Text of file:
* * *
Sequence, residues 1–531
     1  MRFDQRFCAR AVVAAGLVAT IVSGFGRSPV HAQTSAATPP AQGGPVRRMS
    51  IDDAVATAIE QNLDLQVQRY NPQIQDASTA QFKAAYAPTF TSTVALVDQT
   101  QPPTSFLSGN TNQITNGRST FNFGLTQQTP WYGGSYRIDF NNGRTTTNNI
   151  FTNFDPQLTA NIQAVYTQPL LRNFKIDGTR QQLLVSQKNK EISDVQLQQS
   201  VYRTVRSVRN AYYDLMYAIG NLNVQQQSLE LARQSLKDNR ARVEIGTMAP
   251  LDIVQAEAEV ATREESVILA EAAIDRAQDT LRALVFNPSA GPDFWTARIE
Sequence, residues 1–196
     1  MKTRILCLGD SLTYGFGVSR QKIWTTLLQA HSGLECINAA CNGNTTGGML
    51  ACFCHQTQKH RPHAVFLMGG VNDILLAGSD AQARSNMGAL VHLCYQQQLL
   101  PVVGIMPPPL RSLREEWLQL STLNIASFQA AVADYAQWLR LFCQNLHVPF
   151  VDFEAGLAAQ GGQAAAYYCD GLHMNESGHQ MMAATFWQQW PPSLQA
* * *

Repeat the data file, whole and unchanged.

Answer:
Sequence, residues 1–531
     1  MRFDQRFCAR AVVAAGLVAT IVSGFGRSPV HAQTSAATPP AQGGPVRRMS
    51  IDDAVATAIE QNLDLQVQRY NPQIQDASTA QFKAAYAPTF TSTVALVDQT
   101  QPPTSFLSGN TNQITNGRST FNFGLTQQTP WYGGSYRIDF NNGRTTTNNI
   151  FTNFDPQLTA NIQAVYTQPL LRNFKIDGTR QQLLVSQKNK EISDVQLQQS
   201  VYRTVRSVRN AYYDLMYAIG NLNVQQQSLE LARQSLKDNR ARVEIGTMAP
   251  LDIVQAEAEV ATREESVILA EAAIDRAQDT LRALVFNPSA GPDFWTARIE
Sequence, residues 1–196
     1  MKTRILCLGD SLTYGFGVSR QKIWTTLLQA HSGLECINAA CNGNTTGGML
    51  ACFCHQTQKH RPHAVFLMGG VNDILLAGSD AQARSNMGAL VHLCYQQQLL
   101  PVVGIMPPPL RSLREEWLQL STLNIASFQA AVADYAQWLR LFCQNLHVPF
   151  VDFEAGLAAQ GGQAAAYYCD GLHMNESGHQ MMAATFWQQW PPSLQA